BANGOR – The Maine Supreme Judicial Court today heard arguments in an appeal from a man convicted last year of a murder that occurred in 1983. 

Lawyers for Thomas H. Mitchell Jr. cited seven reasons why the trial verdict of guilty should be overturned.

Mitchell, 53, is serving a life sentence for the murder of Judith L. Flagg, who was 23 when she was stabbed to death in her rural Fayette home on Jan. 6, 1983.

James Strong, an attorney who represented Mitchell at his trial in Farmington, argued the defense was prevented from telling the jury about an alternative suspect and from cross-examining the medical examiner who did the autopsy.

Strong told justices that a pretrial ruling preventing the introduction of an alternative suspect theory “was probably the most surprising and obviously the most devastating to the defense.”

Deputy Attorney General William Stokes said the judge rightly prevented the alternative suspect theory since there was no reasonable connection between that suspect and Flagg’s death.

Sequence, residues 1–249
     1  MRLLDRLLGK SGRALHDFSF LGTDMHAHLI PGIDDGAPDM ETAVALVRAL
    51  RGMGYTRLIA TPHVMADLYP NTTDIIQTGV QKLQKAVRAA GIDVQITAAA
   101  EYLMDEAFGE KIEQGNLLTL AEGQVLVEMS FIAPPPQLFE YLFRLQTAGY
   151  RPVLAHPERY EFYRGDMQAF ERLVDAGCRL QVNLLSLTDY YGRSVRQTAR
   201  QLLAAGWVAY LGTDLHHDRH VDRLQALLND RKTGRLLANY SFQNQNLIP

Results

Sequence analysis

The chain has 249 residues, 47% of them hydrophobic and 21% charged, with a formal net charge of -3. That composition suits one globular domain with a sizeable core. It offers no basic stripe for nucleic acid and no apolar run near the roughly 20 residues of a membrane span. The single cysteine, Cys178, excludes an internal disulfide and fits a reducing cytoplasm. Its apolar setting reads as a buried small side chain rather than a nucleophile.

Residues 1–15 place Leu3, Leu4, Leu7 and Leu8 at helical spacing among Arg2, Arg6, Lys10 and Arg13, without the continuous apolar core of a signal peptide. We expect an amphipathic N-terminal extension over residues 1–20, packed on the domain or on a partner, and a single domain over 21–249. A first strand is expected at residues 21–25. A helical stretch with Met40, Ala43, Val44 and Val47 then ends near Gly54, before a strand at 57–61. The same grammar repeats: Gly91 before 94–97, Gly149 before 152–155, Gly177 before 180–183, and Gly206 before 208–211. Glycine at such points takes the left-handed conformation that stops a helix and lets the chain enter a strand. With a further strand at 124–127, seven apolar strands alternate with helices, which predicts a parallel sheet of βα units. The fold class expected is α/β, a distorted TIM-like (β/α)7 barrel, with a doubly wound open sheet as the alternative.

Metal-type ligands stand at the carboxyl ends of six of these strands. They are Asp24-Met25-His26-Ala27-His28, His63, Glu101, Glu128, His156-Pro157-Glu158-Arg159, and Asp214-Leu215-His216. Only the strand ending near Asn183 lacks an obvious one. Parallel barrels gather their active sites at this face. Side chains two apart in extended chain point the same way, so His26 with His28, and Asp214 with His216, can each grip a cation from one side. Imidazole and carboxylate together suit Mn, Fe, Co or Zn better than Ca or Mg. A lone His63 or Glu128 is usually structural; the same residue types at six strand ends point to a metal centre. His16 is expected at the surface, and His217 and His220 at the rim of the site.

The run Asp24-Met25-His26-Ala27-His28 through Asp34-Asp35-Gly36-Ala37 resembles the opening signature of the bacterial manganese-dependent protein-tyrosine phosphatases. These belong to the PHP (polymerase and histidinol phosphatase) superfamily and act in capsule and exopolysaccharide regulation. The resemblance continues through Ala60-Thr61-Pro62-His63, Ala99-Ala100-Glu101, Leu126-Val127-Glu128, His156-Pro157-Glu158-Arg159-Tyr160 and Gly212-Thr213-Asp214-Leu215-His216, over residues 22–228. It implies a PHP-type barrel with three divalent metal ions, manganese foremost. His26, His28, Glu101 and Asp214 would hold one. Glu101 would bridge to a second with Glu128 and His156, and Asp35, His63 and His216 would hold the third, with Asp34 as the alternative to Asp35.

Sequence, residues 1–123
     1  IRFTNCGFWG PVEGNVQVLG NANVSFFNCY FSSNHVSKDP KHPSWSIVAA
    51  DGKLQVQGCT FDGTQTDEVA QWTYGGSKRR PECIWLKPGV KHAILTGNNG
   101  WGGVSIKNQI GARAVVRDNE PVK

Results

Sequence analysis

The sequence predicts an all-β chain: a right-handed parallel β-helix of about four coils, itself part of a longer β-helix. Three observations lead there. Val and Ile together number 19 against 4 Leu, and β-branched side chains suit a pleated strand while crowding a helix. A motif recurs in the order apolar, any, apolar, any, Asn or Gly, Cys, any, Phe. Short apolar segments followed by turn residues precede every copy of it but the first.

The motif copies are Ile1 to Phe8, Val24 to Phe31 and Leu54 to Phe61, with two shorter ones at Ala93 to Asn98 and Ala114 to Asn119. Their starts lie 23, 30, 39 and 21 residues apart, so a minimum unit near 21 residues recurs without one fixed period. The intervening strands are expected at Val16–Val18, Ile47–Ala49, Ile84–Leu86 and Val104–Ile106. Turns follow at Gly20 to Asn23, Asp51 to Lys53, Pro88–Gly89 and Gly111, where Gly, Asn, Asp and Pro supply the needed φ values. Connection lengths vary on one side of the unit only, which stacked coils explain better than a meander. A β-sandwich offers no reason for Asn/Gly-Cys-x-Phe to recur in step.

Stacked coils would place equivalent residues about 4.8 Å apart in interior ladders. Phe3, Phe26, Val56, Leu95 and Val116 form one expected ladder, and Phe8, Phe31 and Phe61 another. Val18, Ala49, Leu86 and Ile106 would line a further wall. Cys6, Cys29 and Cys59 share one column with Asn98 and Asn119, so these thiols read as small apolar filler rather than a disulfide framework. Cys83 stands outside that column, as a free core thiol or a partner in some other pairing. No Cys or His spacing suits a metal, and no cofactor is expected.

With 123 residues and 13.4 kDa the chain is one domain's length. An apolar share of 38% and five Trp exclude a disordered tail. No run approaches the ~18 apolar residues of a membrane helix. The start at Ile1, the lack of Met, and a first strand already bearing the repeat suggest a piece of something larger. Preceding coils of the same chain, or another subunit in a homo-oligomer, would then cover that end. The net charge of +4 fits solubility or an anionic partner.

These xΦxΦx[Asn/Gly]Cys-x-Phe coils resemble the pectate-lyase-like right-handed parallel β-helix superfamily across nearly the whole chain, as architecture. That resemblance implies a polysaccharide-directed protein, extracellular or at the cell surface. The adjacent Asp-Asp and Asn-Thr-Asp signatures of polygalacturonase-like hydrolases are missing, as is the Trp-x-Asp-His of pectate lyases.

“The state is going to have many suspects in a case like this,” Stokes said.

Flagg’s parents, her sister and her brother and other family members watched the oral arguments in Bangor.

Mitchell was indicted for Flagg’s murder in September 2006 after authorities re-examined evidence using new techniques to recover DNA; his DNA was found under fingernail clippings from Flagg’s right hand.

At the time of the indictment, Mitchell was nearing the end of a 35-year sentence for the attempted murder, kidnapping and rape of a 17-year-old girl whose parents he had befriended.